Steve Hoffman, foreground, Stephen Marsh seated at console, eyewitnesses

(photo by Randy Wells)

Next came a real eye and ear opener. Marsh had in his hands the CS&N original master tapes Stills had uncovered in his home a few years ago. Playback would be via a vintage Ampex two-track tape deck, a modern mastering board, some vacuum tube amps and a great sounding set of speakers.

The tapes

(Photo by Randy Wells)

When the opening Martin D-45 acoustic guitar riffs rang out on “Suite: Judy Blue Eyes,” everyone in the room began to smile. This was going to be good. Steve gave us some background info on the seven-minute four-part suite that Stills wrote and performed for folksinger Judy Collins, his soon to be ex-girlfriend.

Steve  pointed out how “thumpy” the Fender Precision bass guitar sounded when the master tape was played back “flat.” Stephen immediately began twisting dials and punching in numbers as Steve called them out in an effort to tighten up the lower registers so the bass line would gain punch, solidity and drive. The overly-compressed guitar sound was another obstacle. But that wasn’t the only challenge facing these mastering engineers.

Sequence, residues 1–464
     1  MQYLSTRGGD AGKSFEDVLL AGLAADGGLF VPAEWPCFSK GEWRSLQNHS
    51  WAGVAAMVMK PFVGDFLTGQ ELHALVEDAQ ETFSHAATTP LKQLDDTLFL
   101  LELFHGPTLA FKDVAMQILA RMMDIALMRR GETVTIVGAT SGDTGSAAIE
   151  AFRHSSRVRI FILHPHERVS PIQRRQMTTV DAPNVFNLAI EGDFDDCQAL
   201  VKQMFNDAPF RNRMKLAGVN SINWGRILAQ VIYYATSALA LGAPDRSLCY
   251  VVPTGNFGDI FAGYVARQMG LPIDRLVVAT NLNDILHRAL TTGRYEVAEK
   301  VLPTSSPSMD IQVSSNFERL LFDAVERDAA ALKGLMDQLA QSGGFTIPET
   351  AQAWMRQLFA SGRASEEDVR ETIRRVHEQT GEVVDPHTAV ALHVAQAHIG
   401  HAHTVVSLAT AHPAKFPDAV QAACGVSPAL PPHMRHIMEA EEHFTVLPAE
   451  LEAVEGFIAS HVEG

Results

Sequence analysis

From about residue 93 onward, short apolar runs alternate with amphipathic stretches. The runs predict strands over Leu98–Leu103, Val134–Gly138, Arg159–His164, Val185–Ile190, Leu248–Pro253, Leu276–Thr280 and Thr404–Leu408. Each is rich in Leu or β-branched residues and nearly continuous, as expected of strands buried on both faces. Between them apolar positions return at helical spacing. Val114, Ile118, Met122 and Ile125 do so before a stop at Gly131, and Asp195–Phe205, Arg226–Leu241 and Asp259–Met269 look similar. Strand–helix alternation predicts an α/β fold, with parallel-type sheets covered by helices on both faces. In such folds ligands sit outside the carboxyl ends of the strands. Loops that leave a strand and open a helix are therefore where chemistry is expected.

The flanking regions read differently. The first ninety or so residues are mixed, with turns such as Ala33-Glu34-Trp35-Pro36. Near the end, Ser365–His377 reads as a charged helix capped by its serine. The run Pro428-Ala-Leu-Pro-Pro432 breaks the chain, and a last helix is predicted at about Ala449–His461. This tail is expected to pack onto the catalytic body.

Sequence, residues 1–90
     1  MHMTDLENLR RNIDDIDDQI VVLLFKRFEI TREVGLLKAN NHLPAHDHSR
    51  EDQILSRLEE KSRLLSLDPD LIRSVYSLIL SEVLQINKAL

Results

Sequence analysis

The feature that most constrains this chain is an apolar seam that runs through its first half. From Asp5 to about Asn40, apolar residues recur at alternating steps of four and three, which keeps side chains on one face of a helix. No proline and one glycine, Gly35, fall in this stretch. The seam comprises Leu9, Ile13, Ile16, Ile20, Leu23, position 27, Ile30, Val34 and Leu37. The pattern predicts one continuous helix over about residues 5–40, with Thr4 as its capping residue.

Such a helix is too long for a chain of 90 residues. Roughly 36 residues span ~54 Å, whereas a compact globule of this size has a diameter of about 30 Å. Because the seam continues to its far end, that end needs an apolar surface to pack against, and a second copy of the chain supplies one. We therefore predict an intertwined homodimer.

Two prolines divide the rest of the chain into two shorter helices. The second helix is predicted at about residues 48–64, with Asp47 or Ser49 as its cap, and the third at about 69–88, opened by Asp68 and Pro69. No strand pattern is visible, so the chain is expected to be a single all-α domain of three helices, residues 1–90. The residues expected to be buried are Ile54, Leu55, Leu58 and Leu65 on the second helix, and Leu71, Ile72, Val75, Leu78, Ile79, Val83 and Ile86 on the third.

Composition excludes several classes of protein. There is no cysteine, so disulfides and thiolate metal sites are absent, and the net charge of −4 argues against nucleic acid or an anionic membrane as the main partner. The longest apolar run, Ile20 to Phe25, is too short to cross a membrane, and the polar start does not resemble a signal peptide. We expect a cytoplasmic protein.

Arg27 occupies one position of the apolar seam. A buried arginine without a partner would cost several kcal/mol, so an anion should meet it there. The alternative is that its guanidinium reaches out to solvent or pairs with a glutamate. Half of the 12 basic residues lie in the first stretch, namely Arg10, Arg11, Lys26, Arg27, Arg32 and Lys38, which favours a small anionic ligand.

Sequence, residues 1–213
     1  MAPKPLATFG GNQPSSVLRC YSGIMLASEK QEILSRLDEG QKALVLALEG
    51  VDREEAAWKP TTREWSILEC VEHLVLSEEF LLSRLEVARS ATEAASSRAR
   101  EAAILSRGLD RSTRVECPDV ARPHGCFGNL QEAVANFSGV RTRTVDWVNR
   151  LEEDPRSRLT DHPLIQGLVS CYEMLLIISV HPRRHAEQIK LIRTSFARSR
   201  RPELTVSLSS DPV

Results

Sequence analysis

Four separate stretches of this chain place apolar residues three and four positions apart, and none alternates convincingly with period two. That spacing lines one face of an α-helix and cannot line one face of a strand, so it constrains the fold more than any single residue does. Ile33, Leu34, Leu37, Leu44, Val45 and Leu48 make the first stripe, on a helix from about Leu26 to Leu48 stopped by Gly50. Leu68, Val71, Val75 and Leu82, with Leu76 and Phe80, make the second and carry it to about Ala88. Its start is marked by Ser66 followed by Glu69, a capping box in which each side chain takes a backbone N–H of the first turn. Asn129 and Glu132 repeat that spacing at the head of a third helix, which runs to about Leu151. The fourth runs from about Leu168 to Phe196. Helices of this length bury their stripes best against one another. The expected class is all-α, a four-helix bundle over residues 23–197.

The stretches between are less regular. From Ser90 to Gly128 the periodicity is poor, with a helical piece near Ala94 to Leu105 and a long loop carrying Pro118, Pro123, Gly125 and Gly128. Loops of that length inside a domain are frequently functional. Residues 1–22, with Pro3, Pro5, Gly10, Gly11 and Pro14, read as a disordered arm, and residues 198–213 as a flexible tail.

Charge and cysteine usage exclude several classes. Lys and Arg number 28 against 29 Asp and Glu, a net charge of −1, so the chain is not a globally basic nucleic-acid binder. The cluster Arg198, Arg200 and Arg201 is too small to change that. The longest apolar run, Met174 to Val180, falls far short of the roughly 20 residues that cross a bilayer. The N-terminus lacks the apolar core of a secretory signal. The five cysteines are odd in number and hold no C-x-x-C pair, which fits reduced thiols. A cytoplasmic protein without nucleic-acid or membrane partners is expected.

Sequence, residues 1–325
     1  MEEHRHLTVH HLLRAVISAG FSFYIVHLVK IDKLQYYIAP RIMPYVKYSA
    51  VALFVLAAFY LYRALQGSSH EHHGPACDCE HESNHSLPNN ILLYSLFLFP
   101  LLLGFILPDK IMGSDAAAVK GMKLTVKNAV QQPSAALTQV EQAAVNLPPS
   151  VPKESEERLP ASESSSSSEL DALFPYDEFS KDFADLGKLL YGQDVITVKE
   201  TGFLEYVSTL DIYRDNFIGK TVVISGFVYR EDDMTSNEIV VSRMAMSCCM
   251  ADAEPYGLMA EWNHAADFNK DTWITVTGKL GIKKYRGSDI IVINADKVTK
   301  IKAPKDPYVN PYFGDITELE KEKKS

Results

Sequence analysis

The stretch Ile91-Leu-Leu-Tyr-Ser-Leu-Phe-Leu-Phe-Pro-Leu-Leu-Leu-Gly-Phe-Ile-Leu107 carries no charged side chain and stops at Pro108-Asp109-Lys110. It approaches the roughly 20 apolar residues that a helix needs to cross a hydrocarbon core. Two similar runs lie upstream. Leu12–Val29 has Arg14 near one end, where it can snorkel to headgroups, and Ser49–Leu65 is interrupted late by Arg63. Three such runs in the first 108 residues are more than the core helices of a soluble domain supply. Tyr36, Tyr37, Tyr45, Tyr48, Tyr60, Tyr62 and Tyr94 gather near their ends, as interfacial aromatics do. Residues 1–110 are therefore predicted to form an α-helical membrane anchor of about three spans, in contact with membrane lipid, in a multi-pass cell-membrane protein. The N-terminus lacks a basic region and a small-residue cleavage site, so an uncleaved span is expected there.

Steve explained, “The CS&N album is actually quite tricky to master properly. The ‘group’ vocals were mostly comped onto one track of the eight-track tape so the tonality is way off from the solo vocals. In a few cases we just left it, but for ‘Suite: Judy Blue Eyes’ we felt compelled to piece together the several edited sections with different tone shapings so as to match the vocal tonality in those individual sections. Now the changes between the edits are not so abrupt. The whole song sounds much more uniform.” When the Audio Fidelity mastering was played back for us a few minutes later, all of the textured singing was evenly rendered and Dallas Taylor’s percussive bass slaps had superb depth and realism.

Watching the reels go around

(photo by Randy Wells)

“Marrakesh Express could have been a Hollies song,” Steve remarked. And I believe him, because The Hollies actually tried to record it at one time. A jaunty Graham Nash pop tune that comes off a bit thin and bright sounding on tape, this one needed some body and weight. After a few deft mastering moves, this charming, melodic confection written on a Moroccan train ride had been transformed into a recording with newfound warmth that more effectively showcased Stills’ amazing musicianship.